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Tag Archives | student motivation

How and Why to Use Storytelling in the Classroom

It was the first day back from winter break, and after students completed their written warm-up, I started class like this: When I was in high school, I remember one summer break when I worked for my stepdad selling Little Debbie snack cakes. The way it worked was you’d drive this big truck from grocery […]

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How to Show Appropriate Affection for Students

It is a sad sign of our time that I have to add “appropriate” to the title of this post. Without it, our minds quickly slip to inappropriate affection, conditioned as we are by so many salacious stories on the local news about criminally inappropriate teacher-student interactions. Despite the news stories (and the fear they […]

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When Humor Hurts: The Trouble with Sarcasm

When I started, this post was called “The Case Against Sarcasm in the Classroom.” But upon doing the research and reflecting on how my own practice intersects with the topic, the case became less clear. And so I shifted my stance to the more nuanced, exploratory approach you’ll find below. I hope you don’t mind […]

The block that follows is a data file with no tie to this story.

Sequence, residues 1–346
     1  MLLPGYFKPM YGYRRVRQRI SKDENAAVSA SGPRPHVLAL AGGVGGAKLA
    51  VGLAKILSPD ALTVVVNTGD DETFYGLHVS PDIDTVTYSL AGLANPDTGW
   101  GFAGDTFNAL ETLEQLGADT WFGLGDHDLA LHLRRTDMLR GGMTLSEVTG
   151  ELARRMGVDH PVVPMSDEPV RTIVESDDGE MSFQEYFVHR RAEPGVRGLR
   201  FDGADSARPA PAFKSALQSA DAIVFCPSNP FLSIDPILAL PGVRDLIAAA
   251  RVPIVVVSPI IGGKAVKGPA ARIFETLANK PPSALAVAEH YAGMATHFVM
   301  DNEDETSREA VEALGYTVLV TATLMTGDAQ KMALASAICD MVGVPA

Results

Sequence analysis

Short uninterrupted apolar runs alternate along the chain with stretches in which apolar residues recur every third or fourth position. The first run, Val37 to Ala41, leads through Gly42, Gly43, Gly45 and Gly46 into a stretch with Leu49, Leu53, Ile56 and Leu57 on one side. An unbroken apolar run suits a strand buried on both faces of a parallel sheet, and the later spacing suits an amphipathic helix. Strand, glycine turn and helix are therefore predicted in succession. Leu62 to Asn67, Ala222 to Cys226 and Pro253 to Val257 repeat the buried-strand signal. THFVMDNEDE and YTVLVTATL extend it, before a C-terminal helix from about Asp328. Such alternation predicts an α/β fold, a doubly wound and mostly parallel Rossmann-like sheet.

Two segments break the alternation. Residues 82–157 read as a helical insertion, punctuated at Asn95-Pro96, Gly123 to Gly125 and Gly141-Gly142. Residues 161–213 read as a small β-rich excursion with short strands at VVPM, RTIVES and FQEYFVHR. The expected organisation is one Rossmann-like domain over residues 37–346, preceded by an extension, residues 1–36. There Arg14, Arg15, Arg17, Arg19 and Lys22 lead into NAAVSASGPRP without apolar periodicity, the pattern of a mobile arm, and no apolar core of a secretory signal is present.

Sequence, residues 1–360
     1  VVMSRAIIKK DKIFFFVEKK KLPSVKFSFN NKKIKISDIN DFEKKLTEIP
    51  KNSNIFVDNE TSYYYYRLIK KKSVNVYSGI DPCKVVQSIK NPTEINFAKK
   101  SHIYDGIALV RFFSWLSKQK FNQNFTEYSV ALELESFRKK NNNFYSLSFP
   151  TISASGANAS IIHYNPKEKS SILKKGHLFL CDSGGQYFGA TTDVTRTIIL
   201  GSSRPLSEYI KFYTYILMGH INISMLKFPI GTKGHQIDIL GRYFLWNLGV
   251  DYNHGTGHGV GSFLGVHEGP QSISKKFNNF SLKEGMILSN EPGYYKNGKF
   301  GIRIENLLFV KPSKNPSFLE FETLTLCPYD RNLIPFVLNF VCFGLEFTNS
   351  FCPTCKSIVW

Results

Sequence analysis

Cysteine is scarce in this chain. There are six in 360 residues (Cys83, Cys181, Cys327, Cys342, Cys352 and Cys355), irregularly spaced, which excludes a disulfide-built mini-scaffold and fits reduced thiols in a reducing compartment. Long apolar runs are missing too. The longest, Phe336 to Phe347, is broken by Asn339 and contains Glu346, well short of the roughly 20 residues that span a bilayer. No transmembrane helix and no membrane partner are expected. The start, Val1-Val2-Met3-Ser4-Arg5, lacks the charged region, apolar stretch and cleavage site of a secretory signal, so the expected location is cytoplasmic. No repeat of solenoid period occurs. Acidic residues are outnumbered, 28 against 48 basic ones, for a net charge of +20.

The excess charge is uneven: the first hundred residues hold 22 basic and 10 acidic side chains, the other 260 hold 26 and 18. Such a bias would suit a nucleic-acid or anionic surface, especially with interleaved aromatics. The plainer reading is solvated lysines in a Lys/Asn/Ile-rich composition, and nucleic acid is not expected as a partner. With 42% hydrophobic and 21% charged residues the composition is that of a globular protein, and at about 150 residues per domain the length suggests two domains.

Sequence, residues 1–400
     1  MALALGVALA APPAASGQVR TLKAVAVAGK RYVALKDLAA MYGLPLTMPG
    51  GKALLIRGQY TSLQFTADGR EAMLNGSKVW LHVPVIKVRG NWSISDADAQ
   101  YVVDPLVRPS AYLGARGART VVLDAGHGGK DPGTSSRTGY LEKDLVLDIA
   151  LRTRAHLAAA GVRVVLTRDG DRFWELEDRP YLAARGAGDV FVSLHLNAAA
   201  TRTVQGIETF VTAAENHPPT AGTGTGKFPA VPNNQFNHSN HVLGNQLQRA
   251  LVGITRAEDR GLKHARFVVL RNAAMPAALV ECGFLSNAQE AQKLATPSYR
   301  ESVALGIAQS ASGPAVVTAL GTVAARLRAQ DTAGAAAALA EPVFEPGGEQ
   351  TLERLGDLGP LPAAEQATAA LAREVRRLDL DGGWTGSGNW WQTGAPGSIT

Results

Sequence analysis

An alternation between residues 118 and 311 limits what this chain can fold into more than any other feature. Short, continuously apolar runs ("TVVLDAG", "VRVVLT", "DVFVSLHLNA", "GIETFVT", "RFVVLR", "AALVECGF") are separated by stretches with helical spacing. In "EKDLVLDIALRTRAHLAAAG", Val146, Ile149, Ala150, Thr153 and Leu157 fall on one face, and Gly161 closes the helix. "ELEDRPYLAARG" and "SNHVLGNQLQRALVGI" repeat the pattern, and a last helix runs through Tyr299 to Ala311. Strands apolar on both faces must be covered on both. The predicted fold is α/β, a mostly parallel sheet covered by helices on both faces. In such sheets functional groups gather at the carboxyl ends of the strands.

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How (and Why) to Use Humor in the Classroom

Laughter is not just laughter. It’s the most fundamental sign of safety and connection. — Daniel Coyle, The Culture Code: The Secrets of Highly Successful Groups Have you ever had one of those awkward moments where you tell your students a joke or share with them something that you think is funny, only to have […]

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Improving Student Motivation via Micro-Commenting on Papers

I’ve written and spoken passionately about the need for us to think better about grading and feedback. When feedback isn’t fast, it’s a triple loss. Our quality of life decreases as we drag papers around with us for weeks. The usefulness of the feedback decreases because our kids, when they get the work back a week or […]

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The Five Key Beliefs: More than Band-aids

When a student walks up to me with a cut on their finger, I point them toward a drawer near the back of my classroom. Band-aids are great for tiny wounds like this. Teaching strategies are kind of like band-aids for teachers. For some teacher troubles, band-aids are perfect: How do I hook students into […]

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